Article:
Commentary: Washington state legislator Derek Stanford (D-Bothell) just introduced a bill that would eliminate the enforceability of non-compete agreements in Washington State. Microsoft will do everything in their power to kill this bill, and we — the innovation community — should do everything in *our* power to get it passed.
Why should we care?
Because we all know two things that Microsoft — and most other big companies — will never admit:
1. Real innovation almost never comes from incumbent firms, because they’re too focused on defending their existing franchises to pursue really big new ideas that might disrupt them (yes, the iPhone and AWS are exceptions, now name another).
2. The capital requirements of technology innovation have collapsed — thanks to open-source software, cloud infrastructure and the global penetration of internet-enabled smartphones — and entrepreneurial *talent* is now the scarcest and most valuable ingredient to high-impact innovation, not big brands or global distribution networks.
Microsoft — and other large firms — will swarm Olympia with lobbyists who claim that they *need* non-compete agreements to keep their trade secrets from walking out the door. This is bullshit, and (again) there are two good reasons to doubt this line of argument:
1. We have a very strong (arguably too strong, but that’s a fight for another day) system of trade secret and patent protection for specific technology innovations. Most big company employees sign an assignment agreement that gives their employer clear title to any innovation that they create while on that company’s payroll. So if you create a secret innovation for your employer and quit the next day the employer owns that innovation free and clear. Ideas can be owned, people shouldn’t be.
2. California — and specifically the Bay Area (for tech) and Los Angeles (for entertainment) — is the undisputed global leader in innovation, and has the huge public companies and massive wealth- and job-creation to show for it. California banned non-compete agreements in 1872 — over a hundred years ago — and many economists point to the free movement of talent between companies and to new startups as one of the most important enablers of California’s massive lead in the global innovation economy.
So if non-competes aren’t an enabler of innovation, what are they good for? As it turns out, the only thing that non-competes are really useful for is keeping employees in their jobs against their will. In Washington, both Microsoft and Amazon have filed lawsuits against individual employees not only to keep them from jumping ship to competitors, but also to keep them from leaving to create new startup companies.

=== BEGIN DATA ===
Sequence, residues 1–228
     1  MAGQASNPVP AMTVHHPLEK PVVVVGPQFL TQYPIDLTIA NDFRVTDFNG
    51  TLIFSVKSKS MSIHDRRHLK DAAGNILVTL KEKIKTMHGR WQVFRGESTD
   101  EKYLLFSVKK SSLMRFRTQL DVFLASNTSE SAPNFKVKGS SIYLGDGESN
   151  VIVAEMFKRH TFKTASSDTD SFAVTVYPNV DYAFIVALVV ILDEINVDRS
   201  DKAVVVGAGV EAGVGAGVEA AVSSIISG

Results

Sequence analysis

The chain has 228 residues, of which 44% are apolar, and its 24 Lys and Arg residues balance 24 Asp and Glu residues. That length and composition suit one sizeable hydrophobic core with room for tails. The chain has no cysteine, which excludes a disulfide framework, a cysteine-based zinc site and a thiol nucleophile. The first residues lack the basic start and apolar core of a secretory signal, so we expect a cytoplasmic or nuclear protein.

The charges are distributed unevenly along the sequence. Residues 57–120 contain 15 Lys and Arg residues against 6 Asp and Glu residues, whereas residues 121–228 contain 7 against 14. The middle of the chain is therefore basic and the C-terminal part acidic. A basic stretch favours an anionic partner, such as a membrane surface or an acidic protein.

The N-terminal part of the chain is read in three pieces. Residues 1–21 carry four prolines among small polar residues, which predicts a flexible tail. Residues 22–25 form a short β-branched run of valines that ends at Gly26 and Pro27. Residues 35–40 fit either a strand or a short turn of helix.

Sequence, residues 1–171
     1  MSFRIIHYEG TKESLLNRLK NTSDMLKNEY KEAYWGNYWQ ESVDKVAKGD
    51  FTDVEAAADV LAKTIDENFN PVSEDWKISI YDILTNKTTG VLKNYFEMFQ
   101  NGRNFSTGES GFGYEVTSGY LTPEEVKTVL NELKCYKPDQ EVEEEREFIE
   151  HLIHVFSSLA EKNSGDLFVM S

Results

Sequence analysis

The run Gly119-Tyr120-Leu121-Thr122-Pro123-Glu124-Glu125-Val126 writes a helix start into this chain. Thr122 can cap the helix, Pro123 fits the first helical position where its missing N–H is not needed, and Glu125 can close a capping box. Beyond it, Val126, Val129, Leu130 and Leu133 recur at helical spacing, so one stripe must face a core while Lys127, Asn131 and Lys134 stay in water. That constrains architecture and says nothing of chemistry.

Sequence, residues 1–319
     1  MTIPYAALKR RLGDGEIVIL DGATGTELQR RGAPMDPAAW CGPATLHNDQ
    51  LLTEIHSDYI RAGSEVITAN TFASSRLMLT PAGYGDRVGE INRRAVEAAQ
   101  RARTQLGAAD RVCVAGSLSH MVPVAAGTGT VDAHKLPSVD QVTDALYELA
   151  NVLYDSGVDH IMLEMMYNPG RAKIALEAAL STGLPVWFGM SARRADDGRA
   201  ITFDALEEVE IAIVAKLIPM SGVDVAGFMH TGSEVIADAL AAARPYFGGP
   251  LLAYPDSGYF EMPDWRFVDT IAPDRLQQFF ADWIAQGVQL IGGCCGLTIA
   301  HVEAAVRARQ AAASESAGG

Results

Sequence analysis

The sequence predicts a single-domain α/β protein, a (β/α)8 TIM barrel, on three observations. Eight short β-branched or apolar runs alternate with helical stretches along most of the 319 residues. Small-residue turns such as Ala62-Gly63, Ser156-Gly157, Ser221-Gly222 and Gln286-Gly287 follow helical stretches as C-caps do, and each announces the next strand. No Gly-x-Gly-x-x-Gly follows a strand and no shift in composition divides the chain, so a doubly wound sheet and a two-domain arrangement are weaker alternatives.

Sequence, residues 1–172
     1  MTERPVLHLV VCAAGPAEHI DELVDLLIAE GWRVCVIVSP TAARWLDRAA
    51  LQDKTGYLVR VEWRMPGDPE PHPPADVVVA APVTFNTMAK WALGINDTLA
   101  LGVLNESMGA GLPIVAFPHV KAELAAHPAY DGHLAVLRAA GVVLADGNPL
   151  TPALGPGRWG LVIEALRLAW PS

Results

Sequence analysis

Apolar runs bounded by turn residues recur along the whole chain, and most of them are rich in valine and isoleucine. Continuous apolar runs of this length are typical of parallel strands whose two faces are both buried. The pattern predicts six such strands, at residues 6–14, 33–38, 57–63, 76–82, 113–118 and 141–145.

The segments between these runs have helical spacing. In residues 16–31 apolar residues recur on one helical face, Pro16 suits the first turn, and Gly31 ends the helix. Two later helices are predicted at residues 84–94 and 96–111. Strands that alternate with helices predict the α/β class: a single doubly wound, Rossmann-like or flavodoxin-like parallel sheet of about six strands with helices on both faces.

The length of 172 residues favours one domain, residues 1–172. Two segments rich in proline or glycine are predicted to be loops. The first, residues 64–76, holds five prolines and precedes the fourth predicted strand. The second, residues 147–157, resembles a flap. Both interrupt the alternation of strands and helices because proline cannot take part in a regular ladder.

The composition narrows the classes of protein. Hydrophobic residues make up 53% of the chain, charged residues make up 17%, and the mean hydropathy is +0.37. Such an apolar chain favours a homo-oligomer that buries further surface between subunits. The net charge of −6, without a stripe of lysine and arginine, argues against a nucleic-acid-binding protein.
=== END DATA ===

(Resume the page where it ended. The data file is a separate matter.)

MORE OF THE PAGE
What happens when one state allows non-compete agreements and another doesn’t? The most talented and entrepreneurial people pick up and move from the state that holds them back to the one that helps them succeed.
Before anyone labels me a basher of big companies — a biter of the hands that have fed our regional ecosystem so abundantly — let me be clear: I am incredibly grateful to Microsoft and Amazon for putting Washington State on the global innovation map and drawing so many talented people to the region. I firmly believe that eliminating the enforceability of non-competes in Washington State will make both companies stronger — by ensuring that every person who works for them does so with absolute commitment to their mission, and not because their professional options have been constrained by legal strictures that disrespect and dishonor them.
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I don’t want Washington to be like California. I want us to be different, better, more humane and more focused on creating sustainable prosperity for all, not just a chosen few. But I sure as hell don’t want us sending our most promising entrepreneurs south just because a few big companies want to keep their hard-won recruits from seeking opportunities elsewhere. We’re better than that, and it’s time our laws reflected our belief in the right of the individual to choose their own work on their own terms.
Thank you Rep. Stanford for having the courage to pick this fight. I’m with you, and I know others will be as well. Let’s do this!
Founder’s Co-op partner Chris DeVore is a Seattle entrepreneur and investor, and the managing director of Techstars Seattle. Follow him on Twitter @CrashDev and read more of his writing at his CrashDev site.